Sufism has produced a large body of poetry in Arabic, Turkish, Persian, Kurdish, Urdu, Punjabi and Sindhi.
Sufism as a whole is primarily concerned with direct personal experience, and as such may be compared to other forms of religious mysticism.
Other theories have been suggested for the origins of Sufism, which link it to outside non-Muslim influences.
Building on these notions, Sufism developed several key doctrines including Wahdat (meaning "Unity"), which affirms the Oneness of Allah (tawhid), and Tawakkal (meaning "absolute trust in God").
Junayd was among the first theorist of Sufism; he concerned himself with ‘fanaa’ and ‘baqaa’, the state of annihilating the self in the presence of the divine, accompanied by clarity concerning worldly phenomena.
Later, there were some scholars who considered some aspects of Sufism heresy.
Sufism is said to have originated during the time of Prophet Mohammad (seventh century C.E.).
Some examples are Universal Sufism movement, the Mevlevi Order of America, the Golden Sufi Center, the Sufi Foundation of America, and Sufism Reoriented.
Sufism was traditionally considered the systematization of the spiritual component of Islam.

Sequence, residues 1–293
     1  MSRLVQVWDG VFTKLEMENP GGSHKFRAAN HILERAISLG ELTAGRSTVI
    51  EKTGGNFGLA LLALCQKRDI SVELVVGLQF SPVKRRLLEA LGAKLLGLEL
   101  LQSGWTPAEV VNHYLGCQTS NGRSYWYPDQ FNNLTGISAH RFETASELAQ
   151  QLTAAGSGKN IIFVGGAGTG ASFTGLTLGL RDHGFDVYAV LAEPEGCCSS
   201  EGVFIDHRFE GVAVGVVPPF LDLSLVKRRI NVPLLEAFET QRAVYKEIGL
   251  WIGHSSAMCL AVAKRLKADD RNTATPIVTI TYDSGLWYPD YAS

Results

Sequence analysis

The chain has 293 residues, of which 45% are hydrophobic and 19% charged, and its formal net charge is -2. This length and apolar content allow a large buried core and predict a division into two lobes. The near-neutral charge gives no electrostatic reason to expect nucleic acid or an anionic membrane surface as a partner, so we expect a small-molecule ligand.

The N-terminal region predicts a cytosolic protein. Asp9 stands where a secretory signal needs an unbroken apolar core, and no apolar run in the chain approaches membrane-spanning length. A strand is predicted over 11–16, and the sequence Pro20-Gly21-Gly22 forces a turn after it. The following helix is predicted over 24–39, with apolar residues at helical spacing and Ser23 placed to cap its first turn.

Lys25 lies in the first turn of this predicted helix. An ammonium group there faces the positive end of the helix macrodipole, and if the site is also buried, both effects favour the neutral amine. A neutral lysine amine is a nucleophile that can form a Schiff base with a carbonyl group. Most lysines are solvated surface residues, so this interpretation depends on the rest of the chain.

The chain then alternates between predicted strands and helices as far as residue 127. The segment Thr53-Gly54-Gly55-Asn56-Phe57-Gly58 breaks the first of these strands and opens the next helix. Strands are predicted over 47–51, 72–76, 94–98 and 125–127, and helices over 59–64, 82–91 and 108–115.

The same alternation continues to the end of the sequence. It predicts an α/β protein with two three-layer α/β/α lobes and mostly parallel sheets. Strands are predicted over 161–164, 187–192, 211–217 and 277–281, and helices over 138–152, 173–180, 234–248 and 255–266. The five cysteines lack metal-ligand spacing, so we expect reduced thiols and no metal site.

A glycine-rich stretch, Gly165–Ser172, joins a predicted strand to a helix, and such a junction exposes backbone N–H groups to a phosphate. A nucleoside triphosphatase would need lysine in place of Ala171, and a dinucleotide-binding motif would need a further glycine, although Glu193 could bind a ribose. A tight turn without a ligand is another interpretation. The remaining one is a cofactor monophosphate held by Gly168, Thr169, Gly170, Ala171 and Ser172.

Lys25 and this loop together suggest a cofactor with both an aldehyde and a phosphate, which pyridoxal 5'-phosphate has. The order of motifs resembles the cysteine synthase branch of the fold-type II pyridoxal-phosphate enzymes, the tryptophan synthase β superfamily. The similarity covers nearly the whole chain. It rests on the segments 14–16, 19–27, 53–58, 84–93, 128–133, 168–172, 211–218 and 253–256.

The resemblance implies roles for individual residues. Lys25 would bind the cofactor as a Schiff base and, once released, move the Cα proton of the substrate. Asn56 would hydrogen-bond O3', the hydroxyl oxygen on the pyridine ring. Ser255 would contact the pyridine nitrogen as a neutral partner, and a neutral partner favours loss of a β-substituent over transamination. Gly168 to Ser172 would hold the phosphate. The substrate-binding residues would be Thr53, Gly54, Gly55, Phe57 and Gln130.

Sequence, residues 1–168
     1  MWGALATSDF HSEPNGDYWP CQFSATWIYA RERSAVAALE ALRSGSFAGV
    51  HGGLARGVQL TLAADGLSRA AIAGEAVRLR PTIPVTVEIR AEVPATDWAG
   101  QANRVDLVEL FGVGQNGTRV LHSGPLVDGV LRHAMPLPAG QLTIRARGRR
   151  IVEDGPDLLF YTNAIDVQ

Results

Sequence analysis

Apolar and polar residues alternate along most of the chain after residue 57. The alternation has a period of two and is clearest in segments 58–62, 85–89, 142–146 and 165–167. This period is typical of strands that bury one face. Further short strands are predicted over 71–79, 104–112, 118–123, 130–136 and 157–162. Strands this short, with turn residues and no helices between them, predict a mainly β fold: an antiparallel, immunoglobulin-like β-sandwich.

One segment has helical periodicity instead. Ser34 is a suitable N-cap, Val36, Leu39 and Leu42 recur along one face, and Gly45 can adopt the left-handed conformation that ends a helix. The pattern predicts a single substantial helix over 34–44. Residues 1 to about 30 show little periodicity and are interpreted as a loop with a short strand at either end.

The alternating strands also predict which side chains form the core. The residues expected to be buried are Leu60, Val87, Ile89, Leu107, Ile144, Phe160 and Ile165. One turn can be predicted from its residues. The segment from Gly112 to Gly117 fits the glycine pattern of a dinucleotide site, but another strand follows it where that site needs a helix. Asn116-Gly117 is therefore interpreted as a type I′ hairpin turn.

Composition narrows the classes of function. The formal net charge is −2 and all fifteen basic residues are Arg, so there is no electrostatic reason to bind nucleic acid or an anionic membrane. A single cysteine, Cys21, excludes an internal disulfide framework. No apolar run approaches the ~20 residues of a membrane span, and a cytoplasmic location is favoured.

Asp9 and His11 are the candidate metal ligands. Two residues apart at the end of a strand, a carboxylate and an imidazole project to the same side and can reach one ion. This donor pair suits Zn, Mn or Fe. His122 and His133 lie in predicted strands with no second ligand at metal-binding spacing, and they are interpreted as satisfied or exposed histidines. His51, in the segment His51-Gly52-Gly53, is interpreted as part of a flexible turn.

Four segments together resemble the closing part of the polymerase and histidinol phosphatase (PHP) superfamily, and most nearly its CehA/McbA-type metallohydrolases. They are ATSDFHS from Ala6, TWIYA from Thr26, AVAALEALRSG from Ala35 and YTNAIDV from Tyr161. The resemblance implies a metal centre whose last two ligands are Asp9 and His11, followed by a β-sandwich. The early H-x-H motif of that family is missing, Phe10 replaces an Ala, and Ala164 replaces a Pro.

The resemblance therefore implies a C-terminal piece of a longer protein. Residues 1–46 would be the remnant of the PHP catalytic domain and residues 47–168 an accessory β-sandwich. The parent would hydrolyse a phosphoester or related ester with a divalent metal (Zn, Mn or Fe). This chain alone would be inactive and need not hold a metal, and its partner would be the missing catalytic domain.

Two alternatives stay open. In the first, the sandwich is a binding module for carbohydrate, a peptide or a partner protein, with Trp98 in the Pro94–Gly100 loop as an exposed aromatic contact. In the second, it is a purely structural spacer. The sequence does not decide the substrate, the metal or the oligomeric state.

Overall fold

The relationship between orthodox Islam and Sufism is complicated due to the variety of Sufi orders and their histories.
Zakhor serves the same purpose in Kabbalah as Dhikr serves in Sufism.
According to the followers of Sufism, early scholars of Islam had positive attitudes towards Sufism.
From 1200-1500 C.E., Sufism experienced an era of increased activity in various parts of the Islamic world.
Sufism (from Arabic (???), Suf meaning "wool") is a mystical tradition of Islam dedicated to experiencing Allah/God as the epitome of divine Love.
Sufis do not define Sufism as a school of legal jurisprudence (or Madhab).
Sufism takes “doing the beautiful” as its especial domain, which is based on submission and faith (Chittick, 2000).
At this time, many of the major figures in the history of Sufism were alive and writing their monumental classics of Sufi literature and poetry.